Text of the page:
Starting a viable business has the highest complexity and the highest risk, but the return is basically unlimited.* *I FI'd at 38 by starting and selling my business.* *It's the ultimate creative outlet.* *Not only are you basically playing god in your own little world (you're a coder, so you probably know what I mean), but you're creating an organism that integrates with the real world.* *You're adding value that didn't exist before you came along, and you're employing people.* *It can be very satisfying, but it's also a major time sink and a commitment on par with marriage.

Buying an existing business is *much* easier.* *It's like the difference between buying an existing home and building your own.* *But the commitment is just as intense.

Investment real estate is a business, but it's much more cookie-cutter than other kinds of businesses.* *The returns on real estate historically have been comparable to stocks, but with lower volatility.* * And with leverage, it's possible to build a huge empire.* *If you've never run any sort of business before, real estate can give you a great introduction into the mechanics of running a business, but it's pretty boring stuff IMHO.* *Liquidity is much better than other kinds of business since just about everyone is an "expert" in real estate.

I've done all three, and I slap myself every time I think about doing it again.* *Passive investing is soooooo much easier and less time consuming.* *It's not very satisfying, and the returns are completely out of my control, but right now I enjoy those trade-offs.*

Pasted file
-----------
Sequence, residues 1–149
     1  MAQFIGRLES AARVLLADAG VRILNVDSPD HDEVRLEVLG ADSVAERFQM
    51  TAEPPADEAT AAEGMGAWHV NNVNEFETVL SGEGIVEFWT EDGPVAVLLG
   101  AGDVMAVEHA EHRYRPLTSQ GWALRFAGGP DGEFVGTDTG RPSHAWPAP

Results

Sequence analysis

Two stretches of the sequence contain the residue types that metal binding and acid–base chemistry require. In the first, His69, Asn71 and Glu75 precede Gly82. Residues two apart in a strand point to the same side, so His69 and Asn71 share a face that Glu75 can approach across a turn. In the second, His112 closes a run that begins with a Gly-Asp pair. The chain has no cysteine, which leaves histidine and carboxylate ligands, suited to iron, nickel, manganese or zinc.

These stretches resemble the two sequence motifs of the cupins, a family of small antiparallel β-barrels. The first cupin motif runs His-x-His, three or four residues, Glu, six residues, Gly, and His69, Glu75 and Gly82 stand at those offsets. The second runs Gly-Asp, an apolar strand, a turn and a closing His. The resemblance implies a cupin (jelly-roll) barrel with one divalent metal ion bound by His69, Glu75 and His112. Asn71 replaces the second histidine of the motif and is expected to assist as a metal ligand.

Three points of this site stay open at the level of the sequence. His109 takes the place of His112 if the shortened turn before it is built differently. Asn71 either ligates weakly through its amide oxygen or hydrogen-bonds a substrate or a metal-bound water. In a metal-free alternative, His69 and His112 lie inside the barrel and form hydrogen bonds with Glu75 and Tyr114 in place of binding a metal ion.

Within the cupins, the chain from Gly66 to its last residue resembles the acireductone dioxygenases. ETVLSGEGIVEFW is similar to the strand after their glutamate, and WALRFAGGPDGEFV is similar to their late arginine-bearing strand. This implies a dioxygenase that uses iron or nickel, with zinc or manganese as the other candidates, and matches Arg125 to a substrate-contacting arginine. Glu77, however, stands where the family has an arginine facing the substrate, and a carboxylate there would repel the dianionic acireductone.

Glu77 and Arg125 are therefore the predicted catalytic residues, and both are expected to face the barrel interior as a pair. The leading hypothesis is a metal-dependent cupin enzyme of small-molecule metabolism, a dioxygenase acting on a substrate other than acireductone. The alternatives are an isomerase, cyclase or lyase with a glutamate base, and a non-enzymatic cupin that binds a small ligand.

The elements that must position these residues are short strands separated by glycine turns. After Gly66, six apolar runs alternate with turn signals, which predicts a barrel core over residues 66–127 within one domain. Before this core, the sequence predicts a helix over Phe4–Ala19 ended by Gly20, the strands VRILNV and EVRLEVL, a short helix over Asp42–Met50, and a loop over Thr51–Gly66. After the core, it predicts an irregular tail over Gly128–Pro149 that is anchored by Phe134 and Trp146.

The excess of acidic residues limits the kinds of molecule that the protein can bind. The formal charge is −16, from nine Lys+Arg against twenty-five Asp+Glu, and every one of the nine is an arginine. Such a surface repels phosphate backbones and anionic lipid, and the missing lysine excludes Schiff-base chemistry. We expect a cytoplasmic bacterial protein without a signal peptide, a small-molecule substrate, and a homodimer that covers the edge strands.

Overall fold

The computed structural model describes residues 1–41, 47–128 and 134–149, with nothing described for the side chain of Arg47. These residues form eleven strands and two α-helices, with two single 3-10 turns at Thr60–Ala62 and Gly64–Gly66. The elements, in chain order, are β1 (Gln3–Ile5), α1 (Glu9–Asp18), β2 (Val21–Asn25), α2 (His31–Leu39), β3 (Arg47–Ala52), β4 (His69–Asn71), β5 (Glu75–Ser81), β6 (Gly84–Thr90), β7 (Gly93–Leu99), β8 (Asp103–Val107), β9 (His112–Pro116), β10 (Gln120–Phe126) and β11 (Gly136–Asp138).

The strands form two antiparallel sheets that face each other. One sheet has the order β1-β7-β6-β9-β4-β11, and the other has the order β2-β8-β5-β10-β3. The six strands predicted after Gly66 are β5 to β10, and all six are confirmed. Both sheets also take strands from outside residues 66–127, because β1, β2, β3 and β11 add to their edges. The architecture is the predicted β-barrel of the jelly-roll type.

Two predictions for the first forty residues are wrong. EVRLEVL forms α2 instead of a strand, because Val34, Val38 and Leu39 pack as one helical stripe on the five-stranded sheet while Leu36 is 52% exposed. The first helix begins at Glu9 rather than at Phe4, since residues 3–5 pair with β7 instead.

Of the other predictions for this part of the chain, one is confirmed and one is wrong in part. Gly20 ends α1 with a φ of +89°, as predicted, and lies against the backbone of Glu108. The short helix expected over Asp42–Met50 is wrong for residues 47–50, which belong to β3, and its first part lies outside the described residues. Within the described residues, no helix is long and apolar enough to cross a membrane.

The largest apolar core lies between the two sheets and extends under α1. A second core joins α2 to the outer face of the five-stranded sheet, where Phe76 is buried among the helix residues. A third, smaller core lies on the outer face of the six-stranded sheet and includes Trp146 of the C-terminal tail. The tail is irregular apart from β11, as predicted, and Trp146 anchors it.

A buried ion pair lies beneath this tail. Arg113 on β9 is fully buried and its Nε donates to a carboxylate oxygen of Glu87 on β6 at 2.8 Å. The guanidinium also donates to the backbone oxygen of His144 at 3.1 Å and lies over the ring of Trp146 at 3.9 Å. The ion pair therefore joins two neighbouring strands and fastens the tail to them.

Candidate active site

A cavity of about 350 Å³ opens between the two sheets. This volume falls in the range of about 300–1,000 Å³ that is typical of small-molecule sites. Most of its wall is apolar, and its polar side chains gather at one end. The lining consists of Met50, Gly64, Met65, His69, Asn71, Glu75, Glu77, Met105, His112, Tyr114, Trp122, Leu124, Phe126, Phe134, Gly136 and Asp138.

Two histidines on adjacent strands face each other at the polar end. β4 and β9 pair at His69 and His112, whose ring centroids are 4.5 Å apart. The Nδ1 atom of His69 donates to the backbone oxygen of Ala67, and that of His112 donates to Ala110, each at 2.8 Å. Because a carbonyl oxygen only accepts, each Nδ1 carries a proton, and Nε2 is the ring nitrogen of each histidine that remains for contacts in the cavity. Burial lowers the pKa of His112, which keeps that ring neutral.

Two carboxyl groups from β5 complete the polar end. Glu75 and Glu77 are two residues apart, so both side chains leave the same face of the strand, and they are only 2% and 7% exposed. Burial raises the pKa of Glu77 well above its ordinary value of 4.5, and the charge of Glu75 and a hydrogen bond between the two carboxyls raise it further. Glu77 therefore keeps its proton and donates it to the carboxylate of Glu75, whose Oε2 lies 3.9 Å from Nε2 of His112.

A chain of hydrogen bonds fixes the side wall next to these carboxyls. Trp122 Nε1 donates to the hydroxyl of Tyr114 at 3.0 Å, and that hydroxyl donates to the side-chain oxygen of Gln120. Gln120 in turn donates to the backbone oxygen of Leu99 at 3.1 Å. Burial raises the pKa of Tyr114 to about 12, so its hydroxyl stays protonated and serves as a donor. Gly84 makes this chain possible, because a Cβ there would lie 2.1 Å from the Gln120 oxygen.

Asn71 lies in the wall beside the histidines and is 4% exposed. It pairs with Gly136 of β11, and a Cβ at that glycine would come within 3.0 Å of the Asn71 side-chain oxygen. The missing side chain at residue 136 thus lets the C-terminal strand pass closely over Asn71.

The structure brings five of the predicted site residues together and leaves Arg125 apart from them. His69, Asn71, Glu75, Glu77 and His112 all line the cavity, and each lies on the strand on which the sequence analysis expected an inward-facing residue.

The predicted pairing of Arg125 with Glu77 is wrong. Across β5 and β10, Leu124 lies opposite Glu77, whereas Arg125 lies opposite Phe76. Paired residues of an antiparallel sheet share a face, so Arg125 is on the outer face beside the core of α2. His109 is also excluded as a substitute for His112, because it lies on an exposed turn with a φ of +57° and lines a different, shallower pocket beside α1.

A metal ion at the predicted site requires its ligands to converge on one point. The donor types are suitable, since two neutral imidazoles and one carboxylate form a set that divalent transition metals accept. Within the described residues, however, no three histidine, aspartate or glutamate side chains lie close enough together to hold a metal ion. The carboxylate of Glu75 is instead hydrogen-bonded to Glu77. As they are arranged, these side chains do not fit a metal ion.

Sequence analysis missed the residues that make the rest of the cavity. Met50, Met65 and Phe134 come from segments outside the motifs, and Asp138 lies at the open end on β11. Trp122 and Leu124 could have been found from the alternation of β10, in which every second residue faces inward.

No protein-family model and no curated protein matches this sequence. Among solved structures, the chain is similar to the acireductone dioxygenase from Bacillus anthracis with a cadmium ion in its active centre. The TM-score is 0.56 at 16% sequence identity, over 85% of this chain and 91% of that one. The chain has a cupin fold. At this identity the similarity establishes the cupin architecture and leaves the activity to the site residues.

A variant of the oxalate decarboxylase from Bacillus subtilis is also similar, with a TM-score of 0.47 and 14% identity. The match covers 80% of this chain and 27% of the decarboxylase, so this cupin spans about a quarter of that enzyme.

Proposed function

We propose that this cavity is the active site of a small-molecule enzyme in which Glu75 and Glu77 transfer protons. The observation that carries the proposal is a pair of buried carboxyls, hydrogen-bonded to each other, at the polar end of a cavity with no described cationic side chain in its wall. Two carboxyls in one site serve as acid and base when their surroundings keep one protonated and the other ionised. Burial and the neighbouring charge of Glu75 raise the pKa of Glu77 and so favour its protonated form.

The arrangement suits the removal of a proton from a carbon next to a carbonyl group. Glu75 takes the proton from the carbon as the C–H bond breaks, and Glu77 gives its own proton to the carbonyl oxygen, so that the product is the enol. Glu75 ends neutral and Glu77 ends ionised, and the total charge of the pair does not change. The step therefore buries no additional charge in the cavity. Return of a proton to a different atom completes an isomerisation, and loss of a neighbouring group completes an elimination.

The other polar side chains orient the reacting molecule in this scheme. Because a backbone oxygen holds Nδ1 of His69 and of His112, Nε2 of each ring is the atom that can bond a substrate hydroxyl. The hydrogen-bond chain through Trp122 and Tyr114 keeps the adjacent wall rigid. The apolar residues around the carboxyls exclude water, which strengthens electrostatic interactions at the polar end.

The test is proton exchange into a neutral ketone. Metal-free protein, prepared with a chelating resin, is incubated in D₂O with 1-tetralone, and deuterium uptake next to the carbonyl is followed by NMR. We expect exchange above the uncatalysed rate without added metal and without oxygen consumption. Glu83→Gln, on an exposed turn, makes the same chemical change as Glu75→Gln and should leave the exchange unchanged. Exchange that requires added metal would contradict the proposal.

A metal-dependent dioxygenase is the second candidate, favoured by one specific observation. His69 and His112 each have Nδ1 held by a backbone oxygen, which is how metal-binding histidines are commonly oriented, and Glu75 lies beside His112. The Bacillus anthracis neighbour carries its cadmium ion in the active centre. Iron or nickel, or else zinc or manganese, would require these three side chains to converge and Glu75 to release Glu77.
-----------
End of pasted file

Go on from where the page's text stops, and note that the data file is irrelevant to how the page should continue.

Man, wab.......I could have written this post (maybe I did in my past
life here) Anyway, I agree 100%, I too have "done all three". And....
I too have to "slap myself" to stay away from non-passive
investments, but it's much easier than it was 13 years ago.
Bottom line, I made the most money by buying businesses but I had the
most fun in real estate. It was all hard work though.

JG
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Re: Buying a business
Old 09-29-2006, 06:01 AM   #5
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Re: Buying a business

Just a quick note about business plans. My experience has been
that preparing one will help you more than the folks (lenders
for example) who are the recipients. I recall once I was buying a business (long time ago) and prepared what I thought was a kind of
crappy looking business plan to get the financing I needed.
I did not use a computer for any part of the plan, being basically
a technophobe. The bank Pres. said it was the best business
plan he ever saw, which made me wonder what those other poor
saps were showing him.

JG
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Re: Buying a business
Old 09-29-2006, 07:50 AM   #6
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Re: Buying a business

Having been in RE for the last ~20 years, not enough can be said about being passionate about your chosen business. Need to love what you're doing more than loving the $$ return. Because when sh!t hits the fan - and it will - you'll need to dig deep to lift yourself out. There's no place to dig if you don't like what you're doing.

Frankly I think this is why most businesses FAIL in the first 2 years. People "loved" it when the $$ were there but couldn't find it in themselves to persist thru the hard time(s).